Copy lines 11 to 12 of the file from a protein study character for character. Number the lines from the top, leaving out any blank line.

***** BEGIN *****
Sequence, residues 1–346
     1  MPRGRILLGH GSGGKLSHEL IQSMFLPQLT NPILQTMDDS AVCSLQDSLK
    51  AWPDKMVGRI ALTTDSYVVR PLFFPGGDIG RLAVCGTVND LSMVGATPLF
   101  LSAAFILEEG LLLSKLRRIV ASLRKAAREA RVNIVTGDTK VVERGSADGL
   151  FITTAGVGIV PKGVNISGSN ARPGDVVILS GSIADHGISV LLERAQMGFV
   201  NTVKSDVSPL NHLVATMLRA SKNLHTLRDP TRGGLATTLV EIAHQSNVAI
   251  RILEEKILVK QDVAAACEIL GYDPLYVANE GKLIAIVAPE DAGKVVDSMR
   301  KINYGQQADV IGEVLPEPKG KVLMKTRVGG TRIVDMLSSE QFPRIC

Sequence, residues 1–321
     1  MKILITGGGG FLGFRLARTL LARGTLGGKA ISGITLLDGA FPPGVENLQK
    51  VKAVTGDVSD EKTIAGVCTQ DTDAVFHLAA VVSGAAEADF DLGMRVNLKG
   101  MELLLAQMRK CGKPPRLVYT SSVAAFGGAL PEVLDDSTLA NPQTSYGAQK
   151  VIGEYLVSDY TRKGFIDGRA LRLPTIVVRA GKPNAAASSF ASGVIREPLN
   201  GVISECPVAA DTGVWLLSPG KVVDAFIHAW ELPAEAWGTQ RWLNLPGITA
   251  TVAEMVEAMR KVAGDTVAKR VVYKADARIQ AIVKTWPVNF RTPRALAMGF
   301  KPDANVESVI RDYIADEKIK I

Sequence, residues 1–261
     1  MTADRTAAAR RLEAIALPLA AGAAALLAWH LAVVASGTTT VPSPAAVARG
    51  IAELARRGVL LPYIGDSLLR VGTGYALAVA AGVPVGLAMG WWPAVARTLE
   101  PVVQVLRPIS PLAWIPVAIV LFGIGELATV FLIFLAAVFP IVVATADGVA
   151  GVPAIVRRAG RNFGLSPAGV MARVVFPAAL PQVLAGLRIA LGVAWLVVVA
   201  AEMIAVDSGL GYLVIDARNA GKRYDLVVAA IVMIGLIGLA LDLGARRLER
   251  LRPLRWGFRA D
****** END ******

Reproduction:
    51  VKAVTGDVSD EKTIAGVCTQ DTDAVFHLAA VVSGAAEADF DLGMRVNLKG
   101  MELLLAQMRK CGKPPRLVYT SSVAAFGGAL PEVLDDSTLA NPQTSYGAQK